Appeals court strikes down Guam's race-based plebiscite law

Limiting the political status vote to “native inhabitants of Guam” is a violation of the Fifteenth Amendment, the Ninth Circuit Court of Appeals said in a ruling that expands the voting eligibility and dismantles the biggest obstacle to the island’s self-determination process.

“Our decision makes no judgment about whether Guam’s targeted interest in the self- determination of its indigenous people is genuine or compelling,” the Ninth Circuit court said in a decision released Monday.

“Rather, our obligation is to apply established Fifteenth Amendment principles, which single out voting restrictions based on race as impermissible whatever their justification.”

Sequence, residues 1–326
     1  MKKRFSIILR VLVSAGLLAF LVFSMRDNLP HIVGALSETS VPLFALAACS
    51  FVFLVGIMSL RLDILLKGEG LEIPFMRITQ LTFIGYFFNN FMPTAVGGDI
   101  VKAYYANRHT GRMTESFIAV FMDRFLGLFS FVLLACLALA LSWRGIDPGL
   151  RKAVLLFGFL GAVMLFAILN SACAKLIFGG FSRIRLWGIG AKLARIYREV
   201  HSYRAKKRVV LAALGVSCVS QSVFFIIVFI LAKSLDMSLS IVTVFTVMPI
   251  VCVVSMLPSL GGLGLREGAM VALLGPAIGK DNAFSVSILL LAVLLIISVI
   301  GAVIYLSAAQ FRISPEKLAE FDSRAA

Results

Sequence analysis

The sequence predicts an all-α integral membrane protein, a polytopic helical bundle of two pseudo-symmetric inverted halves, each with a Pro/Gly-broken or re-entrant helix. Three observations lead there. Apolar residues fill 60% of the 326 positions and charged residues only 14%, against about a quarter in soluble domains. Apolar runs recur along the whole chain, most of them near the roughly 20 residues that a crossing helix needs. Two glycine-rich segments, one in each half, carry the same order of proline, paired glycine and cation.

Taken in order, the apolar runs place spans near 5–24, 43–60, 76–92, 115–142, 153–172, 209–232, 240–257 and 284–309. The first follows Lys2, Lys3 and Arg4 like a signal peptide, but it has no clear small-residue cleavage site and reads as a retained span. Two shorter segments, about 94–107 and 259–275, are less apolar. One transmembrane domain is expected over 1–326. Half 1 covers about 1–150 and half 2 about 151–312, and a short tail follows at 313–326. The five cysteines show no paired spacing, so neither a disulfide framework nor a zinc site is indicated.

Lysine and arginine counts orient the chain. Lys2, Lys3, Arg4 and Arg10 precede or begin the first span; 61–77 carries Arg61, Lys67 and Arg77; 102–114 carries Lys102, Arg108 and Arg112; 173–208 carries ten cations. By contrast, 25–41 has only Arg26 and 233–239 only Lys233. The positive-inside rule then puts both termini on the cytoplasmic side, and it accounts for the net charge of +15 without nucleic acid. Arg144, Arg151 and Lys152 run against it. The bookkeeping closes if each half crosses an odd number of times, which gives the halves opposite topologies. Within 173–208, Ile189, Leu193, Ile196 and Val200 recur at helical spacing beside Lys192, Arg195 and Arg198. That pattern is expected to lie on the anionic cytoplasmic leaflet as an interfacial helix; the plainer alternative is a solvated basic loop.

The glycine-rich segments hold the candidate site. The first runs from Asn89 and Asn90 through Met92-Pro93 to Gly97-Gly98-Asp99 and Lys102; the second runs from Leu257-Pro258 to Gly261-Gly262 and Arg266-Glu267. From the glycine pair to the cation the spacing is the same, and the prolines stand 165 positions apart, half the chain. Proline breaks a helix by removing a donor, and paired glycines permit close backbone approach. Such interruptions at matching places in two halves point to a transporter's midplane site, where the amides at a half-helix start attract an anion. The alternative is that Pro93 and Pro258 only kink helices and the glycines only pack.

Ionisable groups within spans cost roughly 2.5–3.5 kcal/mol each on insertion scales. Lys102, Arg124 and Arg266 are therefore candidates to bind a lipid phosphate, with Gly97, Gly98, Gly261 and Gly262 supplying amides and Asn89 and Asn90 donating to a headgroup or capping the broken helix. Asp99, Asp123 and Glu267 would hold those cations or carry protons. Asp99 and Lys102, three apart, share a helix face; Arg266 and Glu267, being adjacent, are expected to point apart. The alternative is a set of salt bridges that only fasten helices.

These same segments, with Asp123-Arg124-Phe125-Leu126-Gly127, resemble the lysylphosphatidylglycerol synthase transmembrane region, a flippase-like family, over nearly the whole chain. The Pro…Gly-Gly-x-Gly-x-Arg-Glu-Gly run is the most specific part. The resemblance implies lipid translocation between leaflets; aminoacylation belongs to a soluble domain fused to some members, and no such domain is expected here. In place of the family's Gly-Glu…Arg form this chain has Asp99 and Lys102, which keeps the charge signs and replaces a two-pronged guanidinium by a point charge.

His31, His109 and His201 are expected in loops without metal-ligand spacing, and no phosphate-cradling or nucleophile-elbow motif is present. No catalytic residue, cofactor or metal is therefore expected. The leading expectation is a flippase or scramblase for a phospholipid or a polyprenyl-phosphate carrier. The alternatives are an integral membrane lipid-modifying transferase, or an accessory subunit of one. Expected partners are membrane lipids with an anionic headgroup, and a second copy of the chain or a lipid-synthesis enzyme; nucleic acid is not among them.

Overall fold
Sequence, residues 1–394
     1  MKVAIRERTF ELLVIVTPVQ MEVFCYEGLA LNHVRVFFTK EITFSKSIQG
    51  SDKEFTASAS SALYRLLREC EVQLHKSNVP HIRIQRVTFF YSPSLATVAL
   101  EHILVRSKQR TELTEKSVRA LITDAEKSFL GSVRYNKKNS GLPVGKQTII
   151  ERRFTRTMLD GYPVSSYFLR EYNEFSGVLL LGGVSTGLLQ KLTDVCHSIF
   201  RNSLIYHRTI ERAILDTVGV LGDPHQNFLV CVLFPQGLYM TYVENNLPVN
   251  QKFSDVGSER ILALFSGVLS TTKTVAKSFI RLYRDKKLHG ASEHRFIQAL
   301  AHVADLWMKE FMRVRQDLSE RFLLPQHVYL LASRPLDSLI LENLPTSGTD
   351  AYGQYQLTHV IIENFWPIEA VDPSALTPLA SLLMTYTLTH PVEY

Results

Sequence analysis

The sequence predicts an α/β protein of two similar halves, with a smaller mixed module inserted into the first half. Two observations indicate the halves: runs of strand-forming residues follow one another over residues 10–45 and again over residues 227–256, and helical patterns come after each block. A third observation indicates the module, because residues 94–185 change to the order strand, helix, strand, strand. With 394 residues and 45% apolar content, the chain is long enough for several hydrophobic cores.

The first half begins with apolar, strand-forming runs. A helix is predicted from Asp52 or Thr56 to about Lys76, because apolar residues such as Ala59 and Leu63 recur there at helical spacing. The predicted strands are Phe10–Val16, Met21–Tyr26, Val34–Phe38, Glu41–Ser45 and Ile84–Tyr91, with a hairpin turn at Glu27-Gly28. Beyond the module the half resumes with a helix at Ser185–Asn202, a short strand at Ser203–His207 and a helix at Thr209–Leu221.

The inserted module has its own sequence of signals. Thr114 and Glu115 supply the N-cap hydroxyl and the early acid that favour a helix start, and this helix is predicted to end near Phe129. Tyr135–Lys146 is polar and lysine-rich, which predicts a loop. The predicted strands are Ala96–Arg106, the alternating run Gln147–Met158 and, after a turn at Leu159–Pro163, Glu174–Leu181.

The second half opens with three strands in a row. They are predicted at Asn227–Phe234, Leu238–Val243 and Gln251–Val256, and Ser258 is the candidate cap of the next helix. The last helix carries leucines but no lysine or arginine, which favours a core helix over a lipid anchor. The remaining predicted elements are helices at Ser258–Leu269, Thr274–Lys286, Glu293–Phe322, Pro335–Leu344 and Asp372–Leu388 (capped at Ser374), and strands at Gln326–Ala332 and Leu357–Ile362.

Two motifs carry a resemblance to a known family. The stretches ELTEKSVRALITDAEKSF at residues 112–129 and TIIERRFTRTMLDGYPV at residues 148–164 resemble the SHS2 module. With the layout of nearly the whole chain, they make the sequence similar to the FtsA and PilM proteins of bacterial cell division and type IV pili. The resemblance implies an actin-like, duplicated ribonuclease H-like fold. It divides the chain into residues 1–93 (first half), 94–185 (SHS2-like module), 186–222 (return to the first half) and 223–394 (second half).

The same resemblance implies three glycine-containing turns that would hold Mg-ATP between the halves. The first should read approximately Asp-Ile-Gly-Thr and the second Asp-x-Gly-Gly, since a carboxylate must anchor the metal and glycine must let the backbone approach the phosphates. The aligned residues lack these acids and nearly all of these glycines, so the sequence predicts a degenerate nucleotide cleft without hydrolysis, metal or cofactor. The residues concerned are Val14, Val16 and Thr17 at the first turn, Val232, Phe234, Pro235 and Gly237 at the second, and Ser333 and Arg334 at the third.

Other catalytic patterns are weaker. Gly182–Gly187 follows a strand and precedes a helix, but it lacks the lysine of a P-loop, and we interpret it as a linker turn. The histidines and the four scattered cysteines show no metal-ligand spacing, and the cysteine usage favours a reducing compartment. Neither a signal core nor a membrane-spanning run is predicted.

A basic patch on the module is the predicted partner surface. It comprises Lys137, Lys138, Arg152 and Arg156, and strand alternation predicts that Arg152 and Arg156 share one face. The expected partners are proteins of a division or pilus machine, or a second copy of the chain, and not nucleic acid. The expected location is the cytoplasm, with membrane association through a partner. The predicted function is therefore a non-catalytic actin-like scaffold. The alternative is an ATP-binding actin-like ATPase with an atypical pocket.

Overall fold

The ruling stemmed from a lawsuit filed in November 2011 by Air Force veteran Arnold Davis, who was denied a chance to register for the yet-to-be-scheduled self-determination plebiscite.

The Ninth Circuit affirmed Federal Judge Frances Tydingco-Gatewood’s 2018 ruling which held that the plebiscite statute “impermissibly imposes race-based restrictions on the voting rights of non-native inhabitants in violation of the 15th Amendment.”

The government of Guam spent nearly a million dollars in legal fees to challenge the district court’s decision.